Perry: Obama's 'Failure of Leadership' on the Border
Texas Governor Rick Perry has had enough of administration inaction on the border, and has lashed out at President Obama for the predicament his state finds itself in.
Texas is on the front line of the flood of illegal alien children -- 60,000 of whom have crossed the border just since October. The governor pointed out that he warned the administration about the problem more than a year ago -- and the White House didn't bother to respond.
Speaking on ABC’s “This Week,” Perry pointed to a letter he sent in May, 2012, that raised concerns about the flow unaccompanied minors. Perry said there was no response from the administration.
“They either are inept or don’t care,” Perry said. “I have to believe that when you do not respond in any way, that you are either inept or you have some ulterior motive.”
“This is a failure of diplomacy, this is a failure of leadership,” he added.
Perry said he does not believe that President Obama “cares whether or not the border of the United States is secure,” adding that “we are paying a huge price.”
Perry said Obama’s comments urging Central American parents not to send their children to the U.S. are coming “about five years too late.”
Perry rejected a comment from U.S. Customs and Border Protection Commissioner Gil Kerlikowske, who in an interview earlier in the program said officials were confident they have enough resources.
“He is absolutely and totally wrong,” Perry said.
Perry said last Thursday that the Southern border is less secure today than at any time during the recent past. During a House Homeland Security field hearing in McAllen, Texas, Perry testified that the huge surge of child immigrants streaming over the border has sucked up border patrol resources, forcing agencies to deal with the humanitarian crisis and diverting them away from protecting national security.
Perry again invited President Obama to tour the border on his trip to the state next week, saying the experience would make the president “realize this is bigger than politics.”
The administration's plan to change the law to allow for quicker deportations of minors from Central America is meeting fierce resistance from immigration activists. The 2008 law gives unaccompanied children from Central America the ability to stay in the country almost indefinitely waiting for a hearing:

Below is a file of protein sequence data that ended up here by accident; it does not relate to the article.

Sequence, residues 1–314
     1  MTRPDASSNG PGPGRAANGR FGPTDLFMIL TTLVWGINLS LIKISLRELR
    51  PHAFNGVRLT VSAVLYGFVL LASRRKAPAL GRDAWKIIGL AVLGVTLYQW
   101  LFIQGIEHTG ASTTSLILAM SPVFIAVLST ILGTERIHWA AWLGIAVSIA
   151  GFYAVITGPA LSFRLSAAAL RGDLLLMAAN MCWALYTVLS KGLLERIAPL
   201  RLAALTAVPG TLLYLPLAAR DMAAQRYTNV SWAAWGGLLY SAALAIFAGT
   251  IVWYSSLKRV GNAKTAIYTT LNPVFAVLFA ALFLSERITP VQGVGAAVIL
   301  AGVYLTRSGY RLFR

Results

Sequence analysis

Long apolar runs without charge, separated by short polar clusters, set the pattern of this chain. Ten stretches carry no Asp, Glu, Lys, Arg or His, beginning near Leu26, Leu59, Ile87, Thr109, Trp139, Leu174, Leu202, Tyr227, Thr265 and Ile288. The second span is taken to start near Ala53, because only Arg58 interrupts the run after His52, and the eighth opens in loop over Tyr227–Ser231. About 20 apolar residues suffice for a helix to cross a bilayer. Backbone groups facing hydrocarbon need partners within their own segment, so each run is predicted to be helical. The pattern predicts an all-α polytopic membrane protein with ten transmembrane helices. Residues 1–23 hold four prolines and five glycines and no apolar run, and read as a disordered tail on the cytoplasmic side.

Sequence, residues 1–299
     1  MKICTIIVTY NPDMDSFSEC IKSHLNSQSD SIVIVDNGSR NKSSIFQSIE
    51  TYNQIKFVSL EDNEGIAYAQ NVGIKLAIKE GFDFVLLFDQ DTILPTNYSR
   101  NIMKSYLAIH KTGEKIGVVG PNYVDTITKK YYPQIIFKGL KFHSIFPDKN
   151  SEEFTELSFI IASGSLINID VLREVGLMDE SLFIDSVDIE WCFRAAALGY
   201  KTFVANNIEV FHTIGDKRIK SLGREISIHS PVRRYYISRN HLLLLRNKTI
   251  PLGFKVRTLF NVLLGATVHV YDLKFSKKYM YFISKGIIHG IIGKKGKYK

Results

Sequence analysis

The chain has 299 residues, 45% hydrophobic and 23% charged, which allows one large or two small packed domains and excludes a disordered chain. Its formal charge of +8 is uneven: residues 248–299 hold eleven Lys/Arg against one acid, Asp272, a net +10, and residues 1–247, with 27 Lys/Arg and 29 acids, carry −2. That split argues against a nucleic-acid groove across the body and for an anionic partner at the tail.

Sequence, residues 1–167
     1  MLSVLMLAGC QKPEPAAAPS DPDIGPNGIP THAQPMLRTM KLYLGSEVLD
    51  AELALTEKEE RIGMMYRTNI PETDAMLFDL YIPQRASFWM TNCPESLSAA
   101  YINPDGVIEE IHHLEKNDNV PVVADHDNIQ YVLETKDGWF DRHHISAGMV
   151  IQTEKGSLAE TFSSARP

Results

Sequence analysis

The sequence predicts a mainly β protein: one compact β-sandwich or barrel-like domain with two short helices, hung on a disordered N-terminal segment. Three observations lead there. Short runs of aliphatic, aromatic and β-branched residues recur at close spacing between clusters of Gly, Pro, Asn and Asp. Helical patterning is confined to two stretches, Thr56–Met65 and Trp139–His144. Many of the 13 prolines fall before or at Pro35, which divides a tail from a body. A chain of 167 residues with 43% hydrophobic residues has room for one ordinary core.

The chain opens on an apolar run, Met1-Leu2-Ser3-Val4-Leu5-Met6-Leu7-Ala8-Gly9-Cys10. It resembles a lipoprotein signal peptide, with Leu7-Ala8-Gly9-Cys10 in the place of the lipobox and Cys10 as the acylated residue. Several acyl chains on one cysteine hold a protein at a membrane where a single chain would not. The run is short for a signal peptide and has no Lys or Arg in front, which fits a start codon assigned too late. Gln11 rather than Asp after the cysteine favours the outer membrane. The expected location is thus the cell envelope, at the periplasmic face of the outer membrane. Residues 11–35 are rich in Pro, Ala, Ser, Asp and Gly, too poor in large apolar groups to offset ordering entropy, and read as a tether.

First, the Border Patrol must hand them over to the Department of Health and Human Services' Office of Refugee Resettlement. HHS must "engage the services of child welfare professionals to act as child advocates and make recommendations regarding custody, detention, release and removal, based upon the best interest of each child," according to a summary of the law prepared by its main sponsor, Democratic Sen. Dianne Feinstein. The department must also provide pro bono legal services to the children. It must ensure that any detained child is "placed in the least restrictive setting possible." It must conduct home studies to facilitate placement. And so on.
"The problem is that under current law, once those kids come across the border, there's a system in which we're supposed to process them, take care of them, until we can send them back," Obama told ABC a few days ago. "It's a lengthy process."
It certainly is. And it was never designed to handle a mass influx. Immigration authorities removed somewhere between 1,000 and 2,000 children in this way last year. The administration's own estimate is that 90,000 will come this year — more than 52,000 are already here. The number could grow even larger next year.
"Every child that is here today — I cannot imagine, at least under this administration, them being removed," says one GOP Hill aide who works on the issue.
The president says he wants to change the law to allow the minors from Central America to be treated the same as children who illegally cross the border from Mexico or Canada: immediate deportation after a brief interview with an immigration official.
But immigration activists are balking at any change in the law and it is unlikely that Democrats in the Senate would vote to oppose them. Hence, Perry's concerns that the president doesn't care about border security seem justified.
The president has no plans to visit the border, despite his upcoming visit to Texas this week. Instead, the president will hold a fundraiser in Dallas and visit Austin the next day for more fundraising. For a man dealing with what most consider a humanitarian crisis, our president seems to be able to find time to make it "business as usual" for himself.
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